- 07 Apr 2021
What happened exactly on that day: Austin became the youngest No.1 (record since broken)
On this day, April 7, 1980, a few months after having claimed her first Grand Slam title at the 1979 US Open, Tracy Austin became world No 1 for the first time. Aged only 17, she was, at the time, the youngest world No 1 in tennis history, a record which would be beaten only in 1991 by Monica Seles.
The player involved: Tracy Austin
Tracy Austin was, along with Pam Shriver, one of the young American prodigies of the late 1970s. Born in December 1962, she played a game similar to Chris Evert’s style. She was extremely patient and precise from the baseline, trying to wear down her opponents physically and mentally. She claimed her first title in January 1977, defeating Stacy Margolin in the Portland final (6-7, 6-3, 4-1 ret.) and in September the same year, she reached the US Open quarter-finals (defeated by Betty Stove 6-2, 6-2), a few months before turning 15. She finished her first season as world No 12, and in 1978, she reached the US Open quarter-finals again, defeated this time by Chris Evert (7-5, 6-1).
Two months later, in October, Austin turned pro, and started her new career by winning the titles in Filderstadt (taking revenge upon Betty Stove 6-3, 6-3) and in Tokyo (where she beat Martina Navratilova for the first time 6-1, 6-1). In January 1979, in Washington, 16-year-old Austin defeated Navratilova again, in the final of the Avon Championships (6-3, 6-2). In September, at the US Open, she claimed her first Grand Slam title, after having achieved the feat of beating Navratilova and Evert in consecutive matches, before making a famous stop at McDonald’s on her way back from the tournament. She was the youngest player, male or female, to ever triumph at the New York Major.
The place: The Family Circle Cup at Hilton Head
On Monday, April 7, 1980, Tracy Austin was in Hilton Head, where she played the Family Circle Cup, a prestigious tournament played on American clay (also known as Har-Tru) where she was the defending champion.
The facts: How Austin found out from her mother that she became No. 1
In the first months of 1980, 17-year-old Tracy Austin was the most consistent player on the women’s tour. After her triumph at the 1979 US Open, she had one goal in mind – to reach the top spot.
“Winning the US Open at 16 definitely changed my world that day. All of a sudden, my goal was to try and become No 1,” she would say in 2019 according to Tennis365.
In the following months, she added six more titles to her list of achievements, including the prestigious Masters Cup, held at the Madison Square Garden, where she defeated Martina Navratilova for the fifth time in six months.
Since January, she had suffered only three defeats, while accumulating close to 30 wins. Thanks to her consistency, and to the two major titles she had claimed in New York over the past six months, she seized the world No 1 ranking on Monday, April 7. She only found out about it from her mother after having won an early-round match at the Family Circle Cup.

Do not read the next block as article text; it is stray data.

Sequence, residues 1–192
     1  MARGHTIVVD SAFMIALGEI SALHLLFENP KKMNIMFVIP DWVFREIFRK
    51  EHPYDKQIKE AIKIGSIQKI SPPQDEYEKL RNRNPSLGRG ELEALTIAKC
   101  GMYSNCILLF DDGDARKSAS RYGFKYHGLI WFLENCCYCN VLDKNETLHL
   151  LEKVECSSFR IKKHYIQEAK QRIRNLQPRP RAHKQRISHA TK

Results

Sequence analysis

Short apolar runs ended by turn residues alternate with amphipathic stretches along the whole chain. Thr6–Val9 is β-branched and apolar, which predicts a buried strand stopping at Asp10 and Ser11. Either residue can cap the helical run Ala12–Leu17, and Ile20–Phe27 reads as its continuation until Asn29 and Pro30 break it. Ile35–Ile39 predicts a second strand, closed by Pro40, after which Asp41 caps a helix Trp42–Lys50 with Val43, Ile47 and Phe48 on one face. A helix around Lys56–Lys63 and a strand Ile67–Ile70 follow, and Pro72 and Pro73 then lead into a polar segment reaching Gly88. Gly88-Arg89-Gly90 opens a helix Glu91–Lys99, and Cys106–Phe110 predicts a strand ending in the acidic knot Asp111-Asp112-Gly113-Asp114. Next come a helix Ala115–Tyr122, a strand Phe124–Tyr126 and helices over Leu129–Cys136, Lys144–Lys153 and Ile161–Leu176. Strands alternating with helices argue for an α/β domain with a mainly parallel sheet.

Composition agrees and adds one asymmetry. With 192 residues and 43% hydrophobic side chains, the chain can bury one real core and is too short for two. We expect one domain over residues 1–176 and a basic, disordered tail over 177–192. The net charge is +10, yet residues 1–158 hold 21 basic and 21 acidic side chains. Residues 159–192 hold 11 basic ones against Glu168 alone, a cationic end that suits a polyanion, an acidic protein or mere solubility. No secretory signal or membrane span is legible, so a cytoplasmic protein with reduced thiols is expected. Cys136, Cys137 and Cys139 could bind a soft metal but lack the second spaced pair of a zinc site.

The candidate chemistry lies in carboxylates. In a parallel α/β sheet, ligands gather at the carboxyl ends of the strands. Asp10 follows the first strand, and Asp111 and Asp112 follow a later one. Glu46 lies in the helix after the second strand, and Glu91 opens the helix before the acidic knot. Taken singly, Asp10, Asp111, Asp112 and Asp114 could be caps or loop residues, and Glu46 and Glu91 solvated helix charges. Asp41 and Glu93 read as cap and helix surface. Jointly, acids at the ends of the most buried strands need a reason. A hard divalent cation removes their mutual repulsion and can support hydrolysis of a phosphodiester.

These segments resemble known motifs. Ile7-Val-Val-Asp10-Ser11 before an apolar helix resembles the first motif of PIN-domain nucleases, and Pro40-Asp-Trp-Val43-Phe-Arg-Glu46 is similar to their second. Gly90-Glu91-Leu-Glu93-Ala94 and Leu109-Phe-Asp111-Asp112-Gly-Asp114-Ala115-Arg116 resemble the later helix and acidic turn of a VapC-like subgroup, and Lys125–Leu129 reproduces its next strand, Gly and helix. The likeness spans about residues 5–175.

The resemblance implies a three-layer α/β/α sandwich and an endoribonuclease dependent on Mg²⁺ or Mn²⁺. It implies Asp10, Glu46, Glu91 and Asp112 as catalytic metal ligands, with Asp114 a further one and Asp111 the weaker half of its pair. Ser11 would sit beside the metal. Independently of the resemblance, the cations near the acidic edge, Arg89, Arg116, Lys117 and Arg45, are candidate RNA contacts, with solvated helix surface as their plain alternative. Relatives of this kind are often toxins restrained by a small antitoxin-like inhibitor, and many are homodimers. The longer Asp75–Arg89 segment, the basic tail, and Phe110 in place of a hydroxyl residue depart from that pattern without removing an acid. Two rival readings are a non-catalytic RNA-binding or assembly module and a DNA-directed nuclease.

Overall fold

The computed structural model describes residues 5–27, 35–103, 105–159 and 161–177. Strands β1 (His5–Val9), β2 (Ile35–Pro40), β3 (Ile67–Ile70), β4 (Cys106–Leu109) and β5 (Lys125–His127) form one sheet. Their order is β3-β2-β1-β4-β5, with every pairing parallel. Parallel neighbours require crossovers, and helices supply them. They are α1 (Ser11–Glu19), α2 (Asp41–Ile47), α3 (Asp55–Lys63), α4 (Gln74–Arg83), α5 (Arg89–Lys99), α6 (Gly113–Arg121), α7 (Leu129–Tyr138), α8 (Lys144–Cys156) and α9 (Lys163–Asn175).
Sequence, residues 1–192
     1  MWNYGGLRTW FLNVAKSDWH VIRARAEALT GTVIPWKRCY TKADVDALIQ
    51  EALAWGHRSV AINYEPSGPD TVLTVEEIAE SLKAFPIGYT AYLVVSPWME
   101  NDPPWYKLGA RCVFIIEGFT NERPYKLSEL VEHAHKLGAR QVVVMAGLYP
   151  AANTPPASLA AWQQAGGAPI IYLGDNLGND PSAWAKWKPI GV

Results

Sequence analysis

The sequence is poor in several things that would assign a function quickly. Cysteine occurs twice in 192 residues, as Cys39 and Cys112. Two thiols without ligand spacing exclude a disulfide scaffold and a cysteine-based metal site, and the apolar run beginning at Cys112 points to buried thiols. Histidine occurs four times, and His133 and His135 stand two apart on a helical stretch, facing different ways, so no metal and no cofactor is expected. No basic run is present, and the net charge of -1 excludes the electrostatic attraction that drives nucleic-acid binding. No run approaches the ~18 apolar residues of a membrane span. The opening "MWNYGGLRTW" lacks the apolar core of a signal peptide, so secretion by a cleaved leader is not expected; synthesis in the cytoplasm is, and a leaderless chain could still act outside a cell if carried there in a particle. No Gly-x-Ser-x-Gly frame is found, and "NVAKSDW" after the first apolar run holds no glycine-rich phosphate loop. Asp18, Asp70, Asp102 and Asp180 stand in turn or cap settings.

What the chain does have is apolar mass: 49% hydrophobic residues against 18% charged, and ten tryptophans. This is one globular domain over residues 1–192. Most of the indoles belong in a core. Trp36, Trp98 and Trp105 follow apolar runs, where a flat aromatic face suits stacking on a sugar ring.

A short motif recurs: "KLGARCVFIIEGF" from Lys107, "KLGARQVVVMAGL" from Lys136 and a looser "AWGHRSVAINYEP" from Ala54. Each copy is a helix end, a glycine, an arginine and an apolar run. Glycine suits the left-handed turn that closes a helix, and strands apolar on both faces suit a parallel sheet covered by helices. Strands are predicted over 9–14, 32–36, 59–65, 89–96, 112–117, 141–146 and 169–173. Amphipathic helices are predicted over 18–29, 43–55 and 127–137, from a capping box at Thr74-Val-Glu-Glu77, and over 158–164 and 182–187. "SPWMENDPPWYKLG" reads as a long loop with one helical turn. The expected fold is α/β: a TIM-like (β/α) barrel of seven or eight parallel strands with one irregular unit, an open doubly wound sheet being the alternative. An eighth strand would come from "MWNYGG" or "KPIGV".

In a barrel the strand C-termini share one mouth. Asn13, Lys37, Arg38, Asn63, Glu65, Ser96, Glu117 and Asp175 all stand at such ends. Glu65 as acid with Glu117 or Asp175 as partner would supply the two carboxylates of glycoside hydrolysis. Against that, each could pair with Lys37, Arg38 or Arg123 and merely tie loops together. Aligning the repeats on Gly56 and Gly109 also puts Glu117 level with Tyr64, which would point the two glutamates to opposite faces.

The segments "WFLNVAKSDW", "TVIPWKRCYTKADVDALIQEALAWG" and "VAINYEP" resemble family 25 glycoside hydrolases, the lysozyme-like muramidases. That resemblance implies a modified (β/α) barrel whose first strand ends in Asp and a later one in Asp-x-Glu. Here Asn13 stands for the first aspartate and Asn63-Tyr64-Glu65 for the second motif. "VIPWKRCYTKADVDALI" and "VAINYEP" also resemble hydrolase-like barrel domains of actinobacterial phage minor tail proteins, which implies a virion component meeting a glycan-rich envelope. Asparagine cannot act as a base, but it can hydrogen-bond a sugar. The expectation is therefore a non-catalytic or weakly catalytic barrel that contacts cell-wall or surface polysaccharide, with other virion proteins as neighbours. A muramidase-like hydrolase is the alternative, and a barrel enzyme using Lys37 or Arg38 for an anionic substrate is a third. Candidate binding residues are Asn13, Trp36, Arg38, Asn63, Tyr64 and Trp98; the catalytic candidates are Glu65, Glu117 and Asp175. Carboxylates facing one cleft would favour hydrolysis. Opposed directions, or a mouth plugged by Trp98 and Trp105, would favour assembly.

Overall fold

“At Hilton Head, they had a back porch area where we used to do our press conferences, and after I won my match and sat down, my mom came up to me and whispered to me I was going to be No 1 now,” Austin said according to Tennis.com. “It was just a wonderful moment to share with my mom, because she was really the one who supported me throughout my career. She was always by my side, she drove me to practice, she was my biggest supporter.”
Austin was the first player to break Evert-Navratilova stranglehold on the No 1 spot since 1975 (although, in history books, Evonne Goolagong would retrospectively be appointed No 1 for two weeks in 1976, but that was not the case in 1980). She began her reign in style, winning the tournament in Hilton Head (defeating Regina Marsikova in the final 3-6, 6-1, 6-0).
What next: Austin’s career derailed by injuries and a car accident
Tracy Austin would only hold on to the No 1 spot for two weeks at the time before it was reclaimed by Martina Navratilova. Austin would become No 1 again in July the same year, this time for an additional 19 weeks, taking her total to 21. On November 18, 1980, Chris Evert would overtake her and Austin would never sit on the top spot again. The young prodigy would win the US Open for a second time in 1981 edging Navratilova in the final (1-6, 7-6, 7-6).
Unfortunately, the rest of Austin’s career would be plagued by injuries and she would quit tennis for the first time in 1984, after having claimed the last of her 30 titles in July 1982 in San Diego at the age of 20. In 1988, she would attempt a comeback, which would be tragically cut short by a near-fatal car crash. She would try to come back in vain one last time in 1993-1994 before retiring once and for all.